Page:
3. Indulge in a ritual to ‘reset’ your home energetically

Humans have used rituals to mark significant events since prehistoric times, and research has shown that performing a ritual – even a small and private one – can have very real and tangible effects on our wellbeing whether we’re dealing with loss, disappointment or a life change.

A ritual can help us shift the energy in our home too, be it after moving to a new house that doesn’t feel like ‘our space’ yet, or when we still feel stuck in the past after a significant change in our lives.

Make it fun or serious, elaborate or simple – what matters most is that your ritual feels meaningful to you. Be inspired by traditional energy cleansing methods such as sage smudging or singing bowls, incorporate crystals like clear quartz and black tourmaline, rearrange your furniture according the principles of Feng shui or simply light a candle in each room and meditate on your intentions, visualising your home filled with healthy, free-flowing energy.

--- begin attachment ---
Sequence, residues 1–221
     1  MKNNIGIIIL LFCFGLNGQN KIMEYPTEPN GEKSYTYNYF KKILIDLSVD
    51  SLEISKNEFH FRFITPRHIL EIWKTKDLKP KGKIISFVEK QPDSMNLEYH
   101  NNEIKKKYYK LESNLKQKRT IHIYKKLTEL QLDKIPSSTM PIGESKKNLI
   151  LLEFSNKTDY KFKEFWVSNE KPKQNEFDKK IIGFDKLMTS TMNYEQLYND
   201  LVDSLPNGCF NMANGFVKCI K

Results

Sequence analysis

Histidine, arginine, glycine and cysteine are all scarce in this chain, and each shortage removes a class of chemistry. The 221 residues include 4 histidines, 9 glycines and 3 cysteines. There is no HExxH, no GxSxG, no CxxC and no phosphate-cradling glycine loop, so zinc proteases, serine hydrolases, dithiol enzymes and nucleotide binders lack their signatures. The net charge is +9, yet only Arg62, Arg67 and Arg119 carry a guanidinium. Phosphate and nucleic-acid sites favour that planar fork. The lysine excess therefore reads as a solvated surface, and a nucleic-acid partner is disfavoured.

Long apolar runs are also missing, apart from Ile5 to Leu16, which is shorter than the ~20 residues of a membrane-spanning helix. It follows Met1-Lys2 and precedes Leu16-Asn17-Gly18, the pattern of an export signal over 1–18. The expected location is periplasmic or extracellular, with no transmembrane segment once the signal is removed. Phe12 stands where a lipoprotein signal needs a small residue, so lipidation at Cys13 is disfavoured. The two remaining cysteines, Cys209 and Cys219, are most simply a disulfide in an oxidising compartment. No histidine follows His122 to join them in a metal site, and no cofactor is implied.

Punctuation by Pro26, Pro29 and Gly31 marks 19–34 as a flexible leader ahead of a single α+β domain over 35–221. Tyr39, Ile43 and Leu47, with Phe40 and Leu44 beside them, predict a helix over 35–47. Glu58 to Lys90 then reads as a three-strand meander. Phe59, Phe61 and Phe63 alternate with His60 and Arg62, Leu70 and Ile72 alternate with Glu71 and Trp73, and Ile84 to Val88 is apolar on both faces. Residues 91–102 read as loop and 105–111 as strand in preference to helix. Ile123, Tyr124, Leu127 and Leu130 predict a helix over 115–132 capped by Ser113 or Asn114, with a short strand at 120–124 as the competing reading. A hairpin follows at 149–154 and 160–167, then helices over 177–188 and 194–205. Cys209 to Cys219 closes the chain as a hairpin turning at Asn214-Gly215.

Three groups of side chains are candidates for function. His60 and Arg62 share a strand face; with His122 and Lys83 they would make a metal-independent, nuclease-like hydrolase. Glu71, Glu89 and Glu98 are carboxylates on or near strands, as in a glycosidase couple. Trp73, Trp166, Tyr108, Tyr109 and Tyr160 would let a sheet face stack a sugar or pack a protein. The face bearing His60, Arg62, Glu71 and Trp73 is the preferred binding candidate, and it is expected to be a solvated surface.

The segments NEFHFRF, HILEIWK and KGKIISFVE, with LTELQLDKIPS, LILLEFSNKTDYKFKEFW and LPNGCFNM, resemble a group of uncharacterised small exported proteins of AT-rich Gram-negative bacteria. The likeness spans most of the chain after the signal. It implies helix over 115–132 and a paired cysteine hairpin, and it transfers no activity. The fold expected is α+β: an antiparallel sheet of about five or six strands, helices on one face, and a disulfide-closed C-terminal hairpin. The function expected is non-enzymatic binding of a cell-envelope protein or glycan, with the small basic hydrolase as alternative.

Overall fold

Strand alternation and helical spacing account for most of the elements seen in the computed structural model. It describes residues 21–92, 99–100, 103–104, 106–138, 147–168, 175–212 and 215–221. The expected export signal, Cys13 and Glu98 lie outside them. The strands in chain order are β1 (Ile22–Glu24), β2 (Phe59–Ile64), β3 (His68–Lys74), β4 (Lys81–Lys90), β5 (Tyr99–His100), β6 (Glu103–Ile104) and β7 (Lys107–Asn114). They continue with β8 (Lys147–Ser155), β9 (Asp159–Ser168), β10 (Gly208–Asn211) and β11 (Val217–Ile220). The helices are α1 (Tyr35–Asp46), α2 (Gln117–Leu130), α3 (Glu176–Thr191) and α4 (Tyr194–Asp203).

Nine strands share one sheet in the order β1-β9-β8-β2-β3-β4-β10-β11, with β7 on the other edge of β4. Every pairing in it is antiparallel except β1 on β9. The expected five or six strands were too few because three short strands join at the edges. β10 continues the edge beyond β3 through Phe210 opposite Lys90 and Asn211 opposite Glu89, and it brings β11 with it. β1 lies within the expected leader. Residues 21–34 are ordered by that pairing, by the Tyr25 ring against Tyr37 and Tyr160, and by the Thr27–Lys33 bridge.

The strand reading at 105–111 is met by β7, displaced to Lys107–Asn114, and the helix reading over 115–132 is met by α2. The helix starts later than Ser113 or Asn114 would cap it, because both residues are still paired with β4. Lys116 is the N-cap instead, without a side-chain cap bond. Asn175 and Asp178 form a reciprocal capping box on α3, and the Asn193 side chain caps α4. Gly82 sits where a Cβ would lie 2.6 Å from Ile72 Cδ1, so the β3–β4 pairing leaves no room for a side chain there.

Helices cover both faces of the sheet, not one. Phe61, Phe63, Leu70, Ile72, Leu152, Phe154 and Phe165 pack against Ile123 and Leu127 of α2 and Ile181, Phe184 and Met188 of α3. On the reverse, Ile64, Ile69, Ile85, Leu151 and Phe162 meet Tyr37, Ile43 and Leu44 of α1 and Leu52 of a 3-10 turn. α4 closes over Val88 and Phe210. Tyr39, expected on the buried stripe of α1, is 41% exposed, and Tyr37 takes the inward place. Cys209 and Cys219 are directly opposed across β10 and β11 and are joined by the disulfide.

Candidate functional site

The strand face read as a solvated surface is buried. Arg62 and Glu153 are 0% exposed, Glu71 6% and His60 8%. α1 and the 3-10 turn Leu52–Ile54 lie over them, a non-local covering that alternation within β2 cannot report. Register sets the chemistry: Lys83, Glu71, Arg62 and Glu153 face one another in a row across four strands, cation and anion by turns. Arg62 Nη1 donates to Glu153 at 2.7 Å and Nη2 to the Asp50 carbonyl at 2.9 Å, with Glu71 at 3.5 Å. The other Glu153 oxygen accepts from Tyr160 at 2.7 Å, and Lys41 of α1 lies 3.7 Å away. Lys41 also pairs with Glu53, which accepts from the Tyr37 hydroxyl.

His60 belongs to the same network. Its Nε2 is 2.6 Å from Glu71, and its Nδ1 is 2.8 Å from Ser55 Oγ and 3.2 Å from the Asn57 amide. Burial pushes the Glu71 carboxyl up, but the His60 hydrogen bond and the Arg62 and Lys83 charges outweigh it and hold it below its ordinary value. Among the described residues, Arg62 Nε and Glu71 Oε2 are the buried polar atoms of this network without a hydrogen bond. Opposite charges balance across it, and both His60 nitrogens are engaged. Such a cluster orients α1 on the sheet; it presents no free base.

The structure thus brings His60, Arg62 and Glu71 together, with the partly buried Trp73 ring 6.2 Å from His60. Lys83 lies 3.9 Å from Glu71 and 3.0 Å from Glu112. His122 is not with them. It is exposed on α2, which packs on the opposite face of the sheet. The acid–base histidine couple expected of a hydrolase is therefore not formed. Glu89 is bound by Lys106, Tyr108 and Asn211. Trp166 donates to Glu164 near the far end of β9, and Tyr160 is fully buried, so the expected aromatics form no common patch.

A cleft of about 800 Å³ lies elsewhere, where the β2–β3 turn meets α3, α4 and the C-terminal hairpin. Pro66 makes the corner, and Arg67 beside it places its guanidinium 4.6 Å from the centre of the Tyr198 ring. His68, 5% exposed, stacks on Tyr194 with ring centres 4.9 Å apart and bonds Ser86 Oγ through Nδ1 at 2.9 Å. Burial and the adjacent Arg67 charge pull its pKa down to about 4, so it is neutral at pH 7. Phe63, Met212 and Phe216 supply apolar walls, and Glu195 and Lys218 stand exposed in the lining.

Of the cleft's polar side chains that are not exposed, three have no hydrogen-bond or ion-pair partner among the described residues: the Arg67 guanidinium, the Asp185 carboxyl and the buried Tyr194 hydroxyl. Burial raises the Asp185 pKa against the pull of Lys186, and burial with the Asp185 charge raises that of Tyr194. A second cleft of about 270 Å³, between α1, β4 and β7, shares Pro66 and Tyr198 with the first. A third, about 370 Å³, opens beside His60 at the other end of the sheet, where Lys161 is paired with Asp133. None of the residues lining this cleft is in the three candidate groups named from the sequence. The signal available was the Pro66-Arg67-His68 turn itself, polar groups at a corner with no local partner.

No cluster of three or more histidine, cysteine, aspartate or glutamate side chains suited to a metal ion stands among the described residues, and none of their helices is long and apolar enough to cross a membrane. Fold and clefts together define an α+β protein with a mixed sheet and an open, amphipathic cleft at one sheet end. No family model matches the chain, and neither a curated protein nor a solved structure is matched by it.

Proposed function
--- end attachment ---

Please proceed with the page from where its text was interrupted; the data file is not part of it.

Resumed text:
Our favourite health-boosting teas

Want to de-stress? Energise? Sleep? With of the abundance of amazing teas available today, there’s always a brew that fits the bill, which is why we love a good cuppa any time of day. From green tea to herbal blends, different types of tea offer their own unique beauty and health-boosting benefits and can be enjoyed whatever the season: a steaming mug of tea is wonderfully warming in cold weather, while sipping on iced tea can give us a cooling hydration boost on a hot, sunny day. (Joe’s Tea Co. shows us how to chill tea for a refreshing thirst quencher as well as some lovely recipes here.)
And before you pop the kettle on remember…
Choosing organic teas grown without pesticides by companies that source their ingredients responsibly and look after their workers properly, ensures that we can enjoy tea that not only benefits ourselves but is great for the growers and the environment too.

1. Green tea